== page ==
• Consumers are embracing hands-free experiences: 47.3 Million Americans have access to a smart speaker and the numbers are growing. 27% of Americans who have owned a smart speaker for at least a year now own ~3. As voice technology grows, consumers are more apt to multi-task while they consume content (i.e. daily news, music, etc.).
  • Rise in Podcast popularity: With a quarter of the US population listening to podcasts monthly, this format continues to broaden and diversify, attracting more listeners. The intent-based nature of finding the perfect podcast for each individual helps make the listening experience both personal and more impactful.

How platforms are reacting: While platforms like Facebook seek to capitalize on the trend towards audio search by introducing Facebook Portal, we’re seeing audio optimized features appearing across platforms. These include…

  • Instagram Music Stickers: with users gravitating towards sound-on experiences, Instagram and rolled out music stickers to enhance and share via Stories.
  • Snapchat Voice Lenses: Snapchat has evolved the face-activated lens to be responsive to specific sounds made by the user.
  • Instagram Voice Messaging: Within Instagram Direct, the platform has enabled a voice messages feature similar to those available within Messenger and WhatsApp.

Brand Resolutions for 2019: Engaging video and visuals will continue to be the main focus for social creative. But as consumers’ tastes evolve to encompass more sound-on environments, brands should look to incorporate audio into all aspects of their marketing:

  • Think audio-first content creation: Audio has previously been a part of content rather than THE content. As audio emerges as a primary format, think about stories that can be told best using sound.
  • Explore partnering with podcasters, the next generation of Influencers: Podcasts are to 2018 as Blogs were to 2010. Podcasts are building robust and passionate fan bases that brands can tap into via sponsored content.
  • Evolve brand tone of voice: A differentiated tone of voice and brand personality needs to evolve beyond copy and into all aspects of branded content including audio. As brands build out Voice skills for smart speakers and create audio-focused formats, they should ensure that they fit with the brand’s personality to create an optimized experience across channels.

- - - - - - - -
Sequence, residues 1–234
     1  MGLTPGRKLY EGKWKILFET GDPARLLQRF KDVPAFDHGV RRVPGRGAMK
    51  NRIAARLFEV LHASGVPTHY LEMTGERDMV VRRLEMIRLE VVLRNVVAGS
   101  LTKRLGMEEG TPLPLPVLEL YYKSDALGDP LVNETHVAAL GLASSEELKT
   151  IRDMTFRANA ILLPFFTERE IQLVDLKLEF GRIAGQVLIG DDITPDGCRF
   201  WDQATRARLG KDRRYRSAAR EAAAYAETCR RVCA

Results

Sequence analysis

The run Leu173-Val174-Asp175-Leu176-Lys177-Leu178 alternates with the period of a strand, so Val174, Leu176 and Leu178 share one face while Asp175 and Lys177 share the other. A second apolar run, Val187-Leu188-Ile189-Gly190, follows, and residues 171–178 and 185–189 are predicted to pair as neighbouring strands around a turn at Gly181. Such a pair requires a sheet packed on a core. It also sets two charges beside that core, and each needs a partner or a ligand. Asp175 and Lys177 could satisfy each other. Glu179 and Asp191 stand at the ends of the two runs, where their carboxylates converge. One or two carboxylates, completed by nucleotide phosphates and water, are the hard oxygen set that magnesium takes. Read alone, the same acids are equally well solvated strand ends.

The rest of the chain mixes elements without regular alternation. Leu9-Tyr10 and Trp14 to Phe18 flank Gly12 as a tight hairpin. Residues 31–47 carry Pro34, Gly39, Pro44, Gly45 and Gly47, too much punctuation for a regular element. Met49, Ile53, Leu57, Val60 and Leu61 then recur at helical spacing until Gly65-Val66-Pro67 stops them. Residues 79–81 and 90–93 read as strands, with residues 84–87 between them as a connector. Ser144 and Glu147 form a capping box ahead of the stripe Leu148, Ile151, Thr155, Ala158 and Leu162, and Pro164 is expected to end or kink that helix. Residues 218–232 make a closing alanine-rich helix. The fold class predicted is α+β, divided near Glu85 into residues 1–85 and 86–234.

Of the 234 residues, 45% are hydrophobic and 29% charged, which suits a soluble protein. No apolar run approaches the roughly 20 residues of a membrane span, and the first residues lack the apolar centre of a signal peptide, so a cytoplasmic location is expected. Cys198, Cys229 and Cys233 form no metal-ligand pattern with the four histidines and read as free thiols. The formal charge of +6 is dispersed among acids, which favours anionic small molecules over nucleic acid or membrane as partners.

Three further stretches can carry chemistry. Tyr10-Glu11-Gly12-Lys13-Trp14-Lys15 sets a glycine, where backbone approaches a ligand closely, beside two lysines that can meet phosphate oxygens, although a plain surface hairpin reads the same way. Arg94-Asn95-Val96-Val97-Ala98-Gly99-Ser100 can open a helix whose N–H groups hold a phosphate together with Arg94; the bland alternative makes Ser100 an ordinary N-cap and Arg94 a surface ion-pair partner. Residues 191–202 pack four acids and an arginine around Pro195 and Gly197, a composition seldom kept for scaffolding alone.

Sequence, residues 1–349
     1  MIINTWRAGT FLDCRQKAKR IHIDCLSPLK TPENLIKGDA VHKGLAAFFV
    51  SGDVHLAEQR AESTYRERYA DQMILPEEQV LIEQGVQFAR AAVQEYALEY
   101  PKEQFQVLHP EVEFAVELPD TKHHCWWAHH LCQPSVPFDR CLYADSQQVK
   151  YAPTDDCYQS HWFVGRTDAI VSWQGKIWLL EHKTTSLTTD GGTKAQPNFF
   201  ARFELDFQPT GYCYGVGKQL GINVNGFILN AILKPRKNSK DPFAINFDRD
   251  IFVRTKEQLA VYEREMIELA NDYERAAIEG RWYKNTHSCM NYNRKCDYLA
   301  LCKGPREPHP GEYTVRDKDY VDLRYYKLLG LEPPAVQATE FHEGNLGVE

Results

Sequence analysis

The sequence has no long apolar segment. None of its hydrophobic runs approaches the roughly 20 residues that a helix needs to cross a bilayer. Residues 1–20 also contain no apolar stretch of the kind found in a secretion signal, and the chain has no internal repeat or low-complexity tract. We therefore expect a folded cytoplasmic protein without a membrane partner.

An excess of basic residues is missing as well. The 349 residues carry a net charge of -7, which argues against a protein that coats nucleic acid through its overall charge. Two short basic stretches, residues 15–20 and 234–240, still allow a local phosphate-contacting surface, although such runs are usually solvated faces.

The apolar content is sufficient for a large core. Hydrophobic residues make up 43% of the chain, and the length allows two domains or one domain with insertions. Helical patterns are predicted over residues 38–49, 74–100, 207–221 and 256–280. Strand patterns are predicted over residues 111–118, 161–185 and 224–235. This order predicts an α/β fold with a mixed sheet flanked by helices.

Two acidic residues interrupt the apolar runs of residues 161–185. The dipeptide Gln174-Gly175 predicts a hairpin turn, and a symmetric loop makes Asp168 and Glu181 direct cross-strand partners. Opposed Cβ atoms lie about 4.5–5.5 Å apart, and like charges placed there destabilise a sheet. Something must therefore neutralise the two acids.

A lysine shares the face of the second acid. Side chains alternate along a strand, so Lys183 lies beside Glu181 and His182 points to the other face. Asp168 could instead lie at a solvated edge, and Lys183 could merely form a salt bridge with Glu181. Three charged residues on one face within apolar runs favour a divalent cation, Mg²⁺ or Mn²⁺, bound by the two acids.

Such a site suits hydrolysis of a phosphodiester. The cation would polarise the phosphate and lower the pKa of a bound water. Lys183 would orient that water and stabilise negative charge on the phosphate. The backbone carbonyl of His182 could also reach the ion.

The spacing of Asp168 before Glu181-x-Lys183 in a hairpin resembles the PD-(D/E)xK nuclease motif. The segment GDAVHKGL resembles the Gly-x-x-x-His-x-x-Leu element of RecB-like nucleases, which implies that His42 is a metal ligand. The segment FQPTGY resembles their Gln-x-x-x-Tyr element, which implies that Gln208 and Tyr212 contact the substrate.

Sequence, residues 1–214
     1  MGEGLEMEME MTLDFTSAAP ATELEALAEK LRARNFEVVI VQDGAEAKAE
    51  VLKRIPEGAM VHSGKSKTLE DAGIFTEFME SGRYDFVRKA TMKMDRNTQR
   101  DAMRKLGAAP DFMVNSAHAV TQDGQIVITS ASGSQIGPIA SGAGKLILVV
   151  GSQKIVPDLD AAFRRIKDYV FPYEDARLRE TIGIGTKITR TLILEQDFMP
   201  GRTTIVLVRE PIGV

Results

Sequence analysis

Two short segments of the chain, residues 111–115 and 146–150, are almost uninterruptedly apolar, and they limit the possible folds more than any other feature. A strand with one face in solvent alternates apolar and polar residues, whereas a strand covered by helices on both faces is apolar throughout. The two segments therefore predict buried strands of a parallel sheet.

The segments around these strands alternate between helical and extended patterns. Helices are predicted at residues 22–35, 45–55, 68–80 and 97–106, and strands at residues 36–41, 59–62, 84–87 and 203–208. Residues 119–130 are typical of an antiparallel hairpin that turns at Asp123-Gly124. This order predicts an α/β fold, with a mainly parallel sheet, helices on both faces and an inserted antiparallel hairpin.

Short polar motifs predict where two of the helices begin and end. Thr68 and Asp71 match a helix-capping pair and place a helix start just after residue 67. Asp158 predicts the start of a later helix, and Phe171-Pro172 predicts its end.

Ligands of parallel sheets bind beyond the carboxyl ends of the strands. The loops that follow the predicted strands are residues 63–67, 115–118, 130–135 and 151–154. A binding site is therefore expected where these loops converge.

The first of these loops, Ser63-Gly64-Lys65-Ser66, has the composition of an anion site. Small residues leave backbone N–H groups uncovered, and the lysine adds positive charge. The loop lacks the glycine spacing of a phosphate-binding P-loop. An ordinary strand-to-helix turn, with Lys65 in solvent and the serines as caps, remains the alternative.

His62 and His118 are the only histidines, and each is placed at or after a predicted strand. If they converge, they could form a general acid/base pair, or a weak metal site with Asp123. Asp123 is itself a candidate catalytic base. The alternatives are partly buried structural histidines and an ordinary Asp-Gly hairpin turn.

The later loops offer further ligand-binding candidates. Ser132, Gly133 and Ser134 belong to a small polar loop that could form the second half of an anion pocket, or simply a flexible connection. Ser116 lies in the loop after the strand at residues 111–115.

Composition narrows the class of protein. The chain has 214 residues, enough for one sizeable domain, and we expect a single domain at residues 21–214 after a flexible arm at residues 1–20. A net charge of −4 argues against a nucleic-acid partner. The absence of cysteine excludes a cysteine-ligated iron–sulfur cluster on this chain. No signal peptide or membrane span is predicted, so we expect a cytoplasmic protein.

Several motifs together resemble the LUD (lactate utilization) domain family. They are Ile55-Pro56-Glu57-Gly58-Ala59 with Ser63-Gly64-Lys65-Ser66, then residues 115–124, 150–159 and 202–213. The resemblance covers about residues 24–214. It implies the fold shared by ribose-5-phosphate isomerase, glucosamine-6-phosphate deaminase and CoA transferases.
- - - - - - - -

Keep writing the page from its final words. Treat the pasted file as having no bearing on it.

Social Shopping

In our June trend report, Pinterest was the leader in aiding consumers with shopping the world around them. Since then, Pinterest has continued to lead in connecting consumers with products, but Instagram and Snapchat have stepped up their game to take a slice of the shopping pie.

How platforms are driving the trend:

  • Increased shopping through visual search: Taking a page out of Pinterest’s playbook, Snapchat introduced their own visual search feature that allows users to snap photos of products in real life and buy directly on Amazon. Additionally, their rollout of Collection ads and product catalogs mirrors popular Facebook shopping features.
    • Shopping capabilities added to popular platform features:
      • Snapchat has partnered with a number of brands to create unique AR experiences, like the Jordan brand Lens which allowed users both to experience MJ’s iconic dunk and purchase a pair of Jordans.
      • With over 90M users tapping product tags to shop directly from the platform, Instagram rolled out shopping stickers for Stories and a shopping feed in the ‘Explore’ tab. Shopping tags in Videos as well as a separate shopping app will be rolling out to brands soon.

    • Expansion of Pinterest’s Shop the Look capabilities: Pinterest continues to be a heavy hitter in driving purchases, with 90% of weekly active Pinners using the platform to make purchase decisions. With 250 MAU (+50M YoY), businesses of all sizes can now tag pins with multiple products to enable in-platform shopping.

    Brand Resolutions for 2019: 20% of brands are expected to abandon their mobile apps by 2019, possibly turning their efforts to social platforms where consumers are already present. With more brands turning towards social e-commerce, expect competition to rise. Brands can succeed by:

    • Cultivating a community: As shopping features like Instagram’s Stories and video shopping tags are available on organic units, cultivating a strong following on the platform can be beneficial in driving continued sales.
    • Using social insights to inform product offerings: In addition to launching limited-edition releases via social, brands showcasing how they optimize products based on consumer conversation like Oreos for left-handers and IHOP’s pumpkin beer will continue to stand out.

    To further aid in your 2019 marketing decisions, we offer our platform cheat sheet below to highlight audience and features of each platform.

    360i’s Associate Director of Social Marketing Amy Donnelly, Social Strategist Ari Berkowitz, Senior Social Strategist Marie Goldstein, Senior Social Strategist Alex Sopchak, and Associate Director of Social Marketing Valentina Bettiol contributed to this post.